Police in the Kenyan capital of Nairobi are investigating a series of "brutal" attacks on Uber taxi drivers. The company began operating in Nairobi in January 2015, and are active in 68 countries around the world.
On 1 February, the Kenya Taxi Cab Association called for a withdrawal of operations by the controversial app until a level playing field between traditional taxi drivers and Uber could be agreed. Existing non-Uber taxi drivers say that the app undercuts them by almost half and that new drivers do not have to pay registration fees.
On the same day a number of Uber drivers began reporting assaults after residents ordered taxis then attacked them when they arrived to pick them up. Physical attacks, windows being smashed and threats of violence were all reported by drivers.
Uber is one of the world's most valuable private companies, with an estimated worth of more than $50bn (£35n), but the service has caused divisions in a lot of the cities. In London, black cab drivers staged a "slowdown" protest in May last year to protest the lack of regulations for Uber drivers.
On 9 December, a citywide protest took place in Toronto by taxi drivers who said that Uber undermined city bylaws and affected their income. Meanwhile in Paris, hundreds of French taxi drivers, joined by others from Belgium and Spain, blocked Porte Maillot motorway on 26 January in nationwide strikes regarding working conditions and competition from Uber.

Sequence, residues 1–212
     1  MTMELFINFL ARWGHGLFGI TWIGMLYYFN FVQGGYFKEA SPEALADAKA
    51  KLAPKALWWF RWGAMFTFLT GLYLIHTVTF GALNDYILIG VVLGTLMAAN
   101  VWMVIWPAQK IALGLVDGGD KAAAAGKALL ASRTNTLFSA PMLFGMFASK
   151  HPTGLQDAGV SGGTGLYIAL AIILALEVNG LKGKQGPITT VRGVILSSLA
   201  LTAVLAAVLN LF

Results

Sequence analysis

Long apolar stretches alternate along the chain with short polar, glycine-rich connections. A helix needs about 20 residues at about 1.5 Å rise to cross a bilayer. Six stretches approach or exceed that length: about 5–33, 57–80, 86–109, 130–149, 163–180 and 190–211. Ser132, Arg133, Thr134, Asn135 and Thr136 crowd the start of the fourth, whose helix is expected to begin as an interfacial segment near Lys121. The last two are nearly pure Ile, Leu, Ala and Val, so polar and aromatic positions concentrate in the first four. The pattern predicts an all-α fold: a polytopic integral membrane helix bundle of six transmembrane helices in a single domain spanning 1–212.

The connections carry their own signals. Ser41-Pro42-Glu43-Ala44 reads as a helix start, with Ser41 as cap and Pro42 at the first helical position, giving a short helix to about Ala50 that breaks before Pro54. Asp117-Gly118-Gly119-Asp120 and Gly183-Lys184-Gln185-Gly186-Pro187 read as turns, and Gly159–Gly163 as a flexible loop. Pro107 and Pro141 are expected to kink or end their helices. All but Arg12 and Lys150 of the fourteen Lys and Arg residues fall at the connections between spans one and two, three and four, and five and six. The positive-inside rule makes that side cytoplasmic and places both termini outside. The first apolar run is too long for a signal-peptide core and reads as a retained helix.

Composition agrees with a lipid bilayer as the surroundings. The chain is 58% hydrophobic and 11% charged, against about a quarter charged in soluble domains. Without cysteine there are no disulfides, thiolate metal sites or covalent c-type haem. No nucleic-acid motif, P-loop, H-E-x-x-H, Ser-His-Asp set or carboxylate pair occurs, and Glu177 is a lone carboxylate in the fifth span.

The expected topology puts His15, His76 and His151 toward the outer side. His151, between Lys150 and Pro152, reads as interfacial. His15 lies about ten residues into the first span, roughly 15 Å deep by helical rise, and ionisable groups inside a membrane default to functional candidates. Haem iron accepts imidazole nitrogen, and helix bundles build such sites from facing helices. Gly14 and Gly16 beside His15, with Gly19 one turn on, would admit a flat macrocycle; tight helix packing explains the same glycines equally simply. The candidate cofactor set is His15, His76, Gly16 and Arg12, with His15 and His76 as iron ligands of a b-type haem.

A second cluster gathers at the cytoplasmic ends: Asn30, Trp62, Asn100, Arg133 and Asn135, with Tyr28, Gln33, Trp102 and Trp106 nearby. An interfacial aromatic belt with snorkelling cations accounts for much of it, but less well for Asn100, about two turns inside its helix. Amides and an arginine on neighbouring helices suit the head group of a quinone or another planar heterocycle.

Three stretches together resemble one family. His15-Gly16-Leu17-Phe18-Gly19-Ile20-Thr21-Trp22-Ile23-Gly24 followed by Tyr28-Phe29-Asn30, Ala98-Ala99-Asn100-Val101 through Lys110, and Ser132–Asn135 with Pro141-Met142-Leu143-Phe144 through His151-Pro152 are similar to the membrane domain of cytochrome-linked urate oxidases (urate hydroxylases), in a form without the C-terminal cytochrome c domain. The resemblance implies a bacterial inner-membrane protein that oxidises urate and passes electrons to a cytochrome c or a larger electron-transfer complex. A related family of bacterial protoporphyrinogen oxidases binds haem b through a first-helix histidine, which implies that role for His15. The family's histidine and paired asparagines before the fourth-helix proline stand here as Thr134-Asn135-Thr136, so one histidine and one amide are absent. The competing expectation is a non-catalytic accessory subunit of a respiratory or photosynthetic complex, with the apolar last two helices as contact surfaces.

But Uber does not see itself as a taxi company, but more of an app that has "partner drivers". The Kenyan interior ministry said that the "barbaric acts" will not be tolerated in a statement.
Uber acknowledged "cases of isolated intimidation towards Uber driver-partners" in a statement. "These cases shock and sadden us, as these driver-partners are simply using the Uber platform to earn a living for themselves and their families," a spokeswoman said.
The Kenya Taxi Cab Association Organising Secretary Job Nzioka said that the Uber services are only cheaper because they are not subject to county or city levies.
"We are trying to pass the message to the County Government because this is where they are operating. We want them [Uber] kicked out of the market they have poked their noses into our business without following the due channels," he said during an interview with Capital FM News.